3. Richard Kline

    To IA re: Truman and the Bomb. I’m also a fan of Aperlowitz’s text, and in line with you, I believe that the decision to use the atomic bomb had very little to do with the military and political resistance still posed by Japan, and much to do with the Russian’s intervention in the East Asia. My perspective is a bit different from that usually advanced though. To me, the real problem was the potential that Japan would surrender to the wrong side, specifically to the Russians. I have yet to hear that potential analzyed in detail, and I’m far from certain that the Japanese had even seriously discussed this possibility. After the Russians advanced in Mancuhuria, the potential was very real. Yes, I’m convinced that the Russians were ‘warned off,’ but more specifically the Japanese were directect who the arbiter of the existence and so their immediate fate was to be. They got the message and haven’t budged an inch in sixty years.

  4. David Merkel

    From the Fitch report:

    The drivers behind today’s rating action are the current rating of WMB and the risk posed to the continuity of payments on the covered bonds in the event of a default by WMB. In Fitch’s analysis this combination limits the rating to ‘AA’. Furthermore the new rating is supported by the committed OC between the cover pool and the covered bonds.
    Recently, the Federal Deposit Insurance Corporation (FDIC) issued a policy statement outlining criteria for U.S. covered bonds. The criteria were designed to ensure that the highest quality mortgage loans would be used in new covered bond transactions. Covered bonds meeting the criteria would benefit from a reduced automatic stay period of 10 days in the event an issuer was to become insolvent. Because WMB’s mortgage loans do not meet the new criteria, a 90 day stay period is required in the event WMB becomes insolvent which could delay access to the pledged collateral if a sale were required to repay the covered bonds before the end of their maturity extension period.

    The idea is that this deal was done prior to the new regulations. The quality of the collateral is not adequate to allow the covered bondholders to gain access to the collateral in 10 days after in insolvency, but instead, 90 days. During that period of time, the value of the collateral could decline below the par value of the bonds, leaving the bondholders with a loss, which they would be senior unsecured creditors for the difference.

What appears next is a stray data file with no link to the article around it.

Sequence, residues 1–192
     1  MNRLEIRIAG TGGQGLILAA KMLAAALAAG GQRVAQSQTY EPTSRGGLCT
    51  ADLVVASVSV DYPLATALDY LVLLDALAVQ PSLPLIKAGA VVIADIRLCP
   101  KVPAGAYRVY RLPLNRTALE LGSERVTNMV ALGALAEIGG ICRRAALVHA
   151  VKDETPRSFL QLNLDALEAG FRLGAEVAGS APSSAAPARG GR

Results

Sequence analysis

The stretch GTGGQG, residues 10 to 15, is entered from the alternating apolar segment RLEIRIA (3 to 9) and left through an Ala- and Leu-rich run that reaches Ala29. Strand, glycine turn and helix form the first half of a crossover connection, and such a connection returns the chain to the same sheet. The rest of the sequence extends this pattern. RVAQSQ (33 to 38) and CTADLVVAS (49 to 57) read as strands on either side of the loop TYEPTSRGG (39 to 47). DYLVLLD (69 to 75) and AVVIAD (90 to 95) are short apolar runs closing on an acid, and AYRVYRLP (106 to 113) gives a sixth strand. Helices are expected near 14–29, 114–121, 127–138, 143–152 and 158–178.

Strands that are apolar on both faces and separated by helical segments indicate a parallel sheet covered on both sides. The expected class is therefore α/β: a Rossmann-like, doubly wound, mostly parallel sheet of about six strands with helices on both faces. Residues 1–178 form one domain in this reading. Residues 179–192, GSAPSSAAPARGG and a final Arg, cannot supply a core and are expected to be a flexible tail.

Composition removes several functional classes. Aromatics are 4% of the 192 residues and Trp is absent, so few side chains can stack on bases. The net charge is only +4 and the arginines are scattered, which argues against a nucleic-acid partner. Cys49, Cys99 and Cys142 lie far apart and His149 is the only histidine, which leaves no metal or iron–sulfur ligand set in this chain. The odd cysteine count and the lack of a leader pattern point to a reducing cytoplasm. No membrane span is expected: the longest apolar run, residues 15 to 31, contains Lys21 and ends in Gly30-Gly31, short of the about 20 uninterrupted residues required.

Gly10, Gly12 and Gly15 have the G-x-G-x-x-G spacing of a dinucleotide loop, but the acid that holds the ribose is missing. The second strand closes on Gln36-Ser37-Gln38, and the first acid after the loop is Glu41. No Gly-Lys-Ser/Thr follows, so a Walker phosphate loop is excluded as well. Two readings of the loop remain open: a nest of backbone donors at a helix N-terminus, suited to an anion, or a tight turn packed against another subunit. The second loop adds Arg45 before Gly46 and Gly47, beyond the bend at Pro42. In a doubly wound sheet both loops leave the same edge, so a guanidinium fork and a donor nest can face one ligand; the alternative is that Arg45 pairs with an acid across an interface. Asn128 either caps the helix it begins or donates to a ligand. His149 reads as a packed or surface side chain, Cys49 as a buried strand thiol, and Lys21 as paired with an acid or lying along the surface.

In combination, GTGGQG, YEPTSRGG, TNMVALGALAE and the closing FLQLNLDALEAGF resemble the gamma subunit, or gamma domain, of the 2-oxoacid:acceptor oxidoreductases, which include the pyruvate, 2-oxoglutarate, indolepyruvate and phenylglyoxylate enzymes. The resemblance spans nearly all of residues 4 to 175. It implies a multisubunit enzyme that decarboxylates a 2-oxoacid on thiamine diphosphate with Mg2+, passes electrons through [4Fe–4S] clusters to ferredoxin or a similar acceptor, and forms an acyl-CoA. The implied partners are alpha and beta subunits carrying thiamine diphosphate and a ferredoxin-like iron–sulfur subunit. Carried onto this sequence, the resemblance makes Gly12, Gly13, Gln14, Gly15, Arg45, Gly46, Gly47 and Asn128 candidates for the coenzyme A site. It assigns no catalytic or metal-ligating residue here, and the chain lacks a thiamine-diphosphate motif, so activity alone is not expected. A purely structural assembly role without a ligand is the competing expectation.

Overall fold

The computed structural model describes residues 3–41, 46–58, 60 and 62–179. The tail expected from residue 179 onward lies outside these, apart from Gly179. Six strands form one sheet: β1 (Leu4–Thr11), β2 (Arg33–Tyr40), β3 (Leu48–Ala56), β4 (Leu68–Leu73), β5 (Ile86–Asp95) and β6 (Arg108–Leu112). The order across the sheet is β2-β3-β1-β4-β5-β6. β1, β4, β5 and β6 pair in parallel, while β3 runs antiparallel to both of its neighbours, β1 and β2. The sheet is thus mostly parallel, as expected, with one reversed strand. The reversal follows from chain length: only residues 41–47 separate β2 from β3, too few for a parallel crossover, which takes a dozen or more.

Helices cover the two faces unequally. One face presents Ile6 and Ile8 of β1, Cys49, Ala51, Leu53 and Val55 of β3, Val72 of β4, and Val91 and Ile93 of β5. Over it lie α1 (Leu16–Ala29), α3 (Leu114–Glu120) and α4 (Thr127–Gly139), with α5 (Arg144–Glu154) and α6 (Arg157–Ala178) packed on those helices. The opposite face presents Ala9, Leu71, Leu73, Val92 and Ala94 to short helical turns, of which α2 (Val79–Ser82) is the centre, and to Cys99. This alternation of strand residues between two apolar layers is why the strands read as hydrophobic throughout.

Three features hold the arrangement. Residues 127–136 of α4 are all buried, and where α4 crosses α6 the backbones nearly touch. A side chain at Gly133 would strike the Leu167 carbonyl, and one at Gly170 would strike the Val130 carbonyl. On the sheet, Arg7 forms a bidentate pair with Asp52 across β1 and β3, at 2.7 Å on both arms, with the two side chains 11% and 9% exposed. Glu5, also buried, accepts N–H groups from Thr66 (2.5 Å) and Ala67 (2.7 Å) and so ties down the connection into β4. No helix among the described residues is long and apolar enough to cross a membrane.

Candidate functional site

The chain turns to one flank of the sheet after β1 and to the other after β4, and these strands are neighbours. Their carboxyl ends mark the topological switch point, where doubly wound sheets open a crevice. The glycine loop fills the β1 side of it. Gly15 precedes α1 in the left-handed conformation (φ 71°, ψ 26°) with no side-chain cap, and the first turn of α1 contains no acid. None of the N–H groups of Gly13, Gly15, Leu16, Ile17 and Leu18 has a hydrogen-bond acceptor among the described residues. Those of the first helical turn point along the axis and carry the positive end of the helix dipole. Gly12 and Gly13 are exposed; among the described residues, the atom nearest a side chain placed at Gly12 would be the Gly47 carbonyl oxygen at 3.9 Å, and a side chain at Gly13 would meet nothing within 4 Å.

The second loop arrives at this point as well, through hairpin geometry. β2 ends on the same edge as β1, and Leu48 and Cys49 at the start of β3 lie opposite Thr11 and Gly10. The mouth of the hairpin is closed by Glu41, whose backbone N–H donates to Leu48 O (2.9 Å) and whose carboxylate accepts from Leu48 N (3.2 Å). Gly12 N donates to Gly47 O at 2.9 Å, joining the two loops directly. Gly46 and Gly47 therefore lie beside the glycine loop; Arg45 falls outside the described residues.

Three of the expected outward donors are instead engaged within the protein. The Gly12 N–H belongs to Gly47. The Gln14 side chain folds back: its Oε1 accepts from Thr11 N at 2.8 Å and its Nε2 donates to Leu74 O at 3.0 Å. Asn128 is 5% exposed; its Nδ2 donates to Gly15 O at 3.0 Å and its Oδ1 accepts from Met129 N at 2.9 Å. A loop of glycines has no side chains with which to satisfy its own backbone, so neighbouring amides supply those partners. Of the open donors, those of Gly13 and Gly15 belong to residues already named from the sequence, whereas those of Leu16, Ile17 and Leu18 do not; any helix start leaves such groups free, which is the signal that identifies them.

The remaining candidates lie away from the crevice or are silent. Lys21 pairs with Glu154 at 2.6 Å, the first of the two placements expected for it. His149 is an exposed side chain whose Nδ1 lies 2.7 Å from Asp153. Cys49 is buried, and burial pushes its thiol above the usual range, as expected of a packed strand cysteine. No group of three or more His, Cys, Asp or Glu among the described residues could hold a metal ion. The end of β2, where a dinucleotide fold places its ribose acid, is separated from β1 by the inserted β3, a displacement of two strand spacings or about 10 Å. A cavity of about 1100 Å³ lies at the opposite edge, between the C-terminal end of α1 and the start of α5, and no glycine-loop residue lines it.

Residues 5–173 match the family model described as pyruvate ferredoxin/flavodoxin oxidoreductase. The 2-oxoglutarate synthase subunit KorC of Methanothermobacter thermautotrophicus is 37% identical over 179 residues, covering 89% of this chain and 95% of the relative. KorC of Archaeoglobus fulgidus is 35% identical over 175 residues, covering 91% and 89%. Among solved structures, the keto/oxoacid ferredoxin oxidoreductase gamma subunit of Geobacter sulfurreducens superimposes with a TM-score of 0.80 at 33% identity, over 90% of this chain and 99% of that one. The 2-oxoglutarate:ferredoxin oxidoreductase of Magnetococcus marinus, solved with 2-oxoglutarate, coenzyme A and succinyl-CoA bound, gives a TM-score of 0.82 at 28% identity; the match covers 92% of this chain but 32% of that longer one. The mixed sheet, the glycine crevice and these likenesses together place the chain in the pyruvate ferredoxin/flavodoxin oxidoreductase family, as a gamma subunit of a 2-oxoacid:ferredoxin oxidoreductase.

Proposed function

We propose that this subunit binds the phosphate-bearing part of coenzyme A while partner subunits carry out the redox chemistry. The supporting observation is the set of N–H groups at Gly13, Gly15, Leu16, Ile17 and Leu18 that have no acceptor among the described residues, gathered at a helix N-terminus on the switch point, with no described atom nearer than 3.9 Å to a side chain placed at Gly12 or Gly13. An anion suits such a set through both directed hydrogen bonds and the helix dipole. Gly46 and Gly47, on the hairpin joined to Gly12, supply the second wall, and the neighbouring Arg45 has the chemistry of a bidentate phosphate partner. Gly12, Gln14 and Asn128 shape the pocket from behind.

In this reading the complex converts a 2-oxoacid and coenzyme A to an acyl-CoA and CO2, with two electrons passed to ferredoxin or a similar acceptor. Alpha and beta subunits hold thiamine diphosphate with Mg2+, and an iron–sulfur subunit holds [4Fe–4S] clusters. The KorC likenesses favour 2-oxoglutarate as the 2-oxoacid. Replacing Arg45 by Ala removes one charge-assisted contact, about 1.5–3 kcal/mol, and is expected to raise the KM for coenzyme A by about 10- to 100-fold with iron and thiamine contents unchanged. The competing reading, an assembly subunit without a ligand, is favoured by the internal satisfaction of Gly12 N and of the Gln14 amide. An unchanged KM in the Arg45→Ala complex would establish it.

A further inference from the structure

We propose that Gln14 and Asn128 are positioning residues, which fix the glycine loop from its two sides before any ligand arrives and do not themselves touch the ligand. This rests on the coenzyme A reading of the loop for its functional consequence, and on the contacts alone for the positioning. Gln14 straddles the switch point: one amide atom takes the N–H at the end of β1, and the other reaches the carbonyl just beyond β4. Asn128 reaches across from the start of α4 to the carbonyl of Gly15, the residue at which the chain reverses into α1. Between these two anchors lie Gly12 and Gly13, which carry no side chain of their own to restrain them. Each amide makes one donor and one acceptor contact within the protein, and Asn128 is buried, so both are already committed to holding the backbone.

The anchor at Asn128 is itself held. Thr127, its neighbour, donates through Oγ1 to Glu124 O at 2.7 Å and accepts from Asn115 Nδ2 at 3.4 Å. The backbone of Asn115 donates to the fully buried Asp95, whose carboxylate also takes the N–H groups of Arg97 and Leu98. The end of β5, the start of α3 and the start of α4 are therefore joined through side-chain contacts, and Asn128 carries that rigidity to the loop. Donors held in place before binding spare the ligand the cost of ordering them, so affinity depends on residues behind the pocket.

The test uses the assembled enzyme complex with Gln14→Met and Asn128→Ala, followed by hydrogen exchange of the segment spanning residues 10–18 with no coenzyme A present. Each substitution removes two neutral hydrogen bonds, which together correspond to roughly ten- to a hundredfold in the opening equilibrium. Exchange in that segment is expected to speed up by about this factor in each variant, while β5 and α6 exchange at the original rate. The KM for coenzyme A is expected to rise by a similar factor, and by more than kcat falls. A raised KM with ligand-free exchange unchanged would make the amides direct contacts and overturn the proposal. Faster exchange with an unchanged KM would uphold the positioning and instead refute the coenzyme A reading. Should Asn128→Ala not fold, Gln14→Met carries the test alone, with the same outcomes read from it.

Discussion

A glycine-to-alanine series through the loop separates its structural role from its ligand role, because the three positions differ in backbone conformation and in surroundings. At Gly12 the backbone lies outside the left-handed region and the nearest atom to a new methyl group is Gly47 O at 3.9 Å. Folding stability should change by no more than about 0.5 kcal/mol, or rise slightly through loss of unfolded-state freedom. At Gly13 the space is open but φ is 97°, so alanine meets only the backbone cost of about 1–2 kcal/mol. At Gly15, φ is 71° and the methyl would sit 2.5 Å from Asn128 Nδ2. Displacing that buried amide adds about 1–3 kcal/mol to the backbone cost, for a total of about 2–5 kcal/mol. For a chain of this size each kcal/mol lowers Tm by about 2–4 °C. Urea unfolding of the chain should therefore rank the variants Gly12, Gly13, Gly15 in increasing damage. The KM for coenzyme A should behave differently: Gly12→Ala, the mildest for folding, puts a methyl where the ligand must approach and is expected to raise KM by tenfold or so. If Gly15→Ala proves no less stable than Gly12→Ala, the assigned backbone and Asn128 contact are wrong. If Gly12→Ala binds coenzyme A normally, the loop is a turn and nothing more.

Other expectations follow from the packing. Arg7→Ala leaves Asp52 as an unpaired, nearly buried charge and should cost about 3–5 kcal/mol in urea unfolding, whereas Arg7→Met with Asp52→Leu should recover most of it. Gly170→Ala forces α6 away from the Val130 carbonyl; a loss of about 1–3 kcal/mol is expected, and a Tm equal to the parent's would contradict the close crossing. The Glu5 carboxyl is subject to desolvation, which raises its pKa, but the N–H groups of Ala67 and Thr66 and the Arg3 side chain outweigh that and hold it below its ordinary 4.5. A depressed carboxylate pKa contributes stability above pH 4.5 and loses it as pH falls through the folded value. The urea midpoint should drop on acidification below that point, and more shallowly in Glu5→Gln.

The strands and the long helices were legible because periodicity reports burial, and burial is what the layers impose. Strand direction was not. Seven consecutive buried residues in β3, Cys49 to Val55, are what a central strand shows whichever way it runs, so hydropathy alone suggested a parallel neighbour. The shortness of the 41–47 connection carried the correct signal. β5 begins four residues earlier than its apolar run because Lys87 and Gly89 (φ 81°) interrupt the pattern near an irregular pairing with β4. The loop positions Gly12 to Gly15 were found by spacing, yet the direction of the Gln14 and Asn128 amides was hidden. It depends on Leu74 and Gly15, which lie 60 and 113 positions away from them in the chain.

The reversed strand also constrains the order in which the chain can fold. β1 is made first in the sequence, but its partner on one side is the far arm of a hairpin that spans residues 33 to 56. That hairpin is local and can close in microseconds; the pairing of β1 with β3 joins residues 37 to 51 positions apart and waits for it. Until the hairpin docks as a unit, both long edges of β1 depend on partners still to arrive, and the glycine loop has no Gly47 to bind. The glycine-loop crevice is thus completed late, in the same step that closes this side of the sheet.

That loss is likely to be small-ish if it occurs, thus a AA rating, rather than the BBB (neg outlook) senior unsecured rating for WaMu holding company debt.

  5. Anonymous

    Lets hope that the United States will be the only country the drops the A or now H bomb..probably very unrealistic but at least its a hope.

    Also trying to scare Stalin then the Soviet Union seems a bit over the top. One has to recall that FDR had tried to coax America into another world war without sucess and he was a very popular President. Truman was not FDR’s choice for VP he was pushed on FDR and maybe the bomb drop is a good indication of the forces behind the change in political mood that was considered necessary to move the country into a constant war footing. Those forces are still in charge today no matter what political party wins in November.

  6. doc holiday

    Yields on agency mortgage securities fell to the lowest in a month relative to U.S. Treasuries after buyers took advantage of some of the widest spreads since 1986.

    The difference between yields on Fannie Mae's current-coupon 30-year fixed-rate bonds and 10-year government notes narrowed 10 basis points this week to 197 basis points, data compiled by Bloomberg show, reducing the cost of new home loans. The spread fell from 215 basis points on Aug. 18, the widest since March, when the gap set a 22-year high of 238 basis point.

    “Mortgages had gotten extremely cheap, so even if Fannie and Freddie are capital-constrained and might not be as aggressive, other leveraged accounts can put on the same trade that they might have,'' said Gary Cloud, who oversees $500 million in fixed-income securities at Financial Counselors Inc. in Kansas City, Missouri.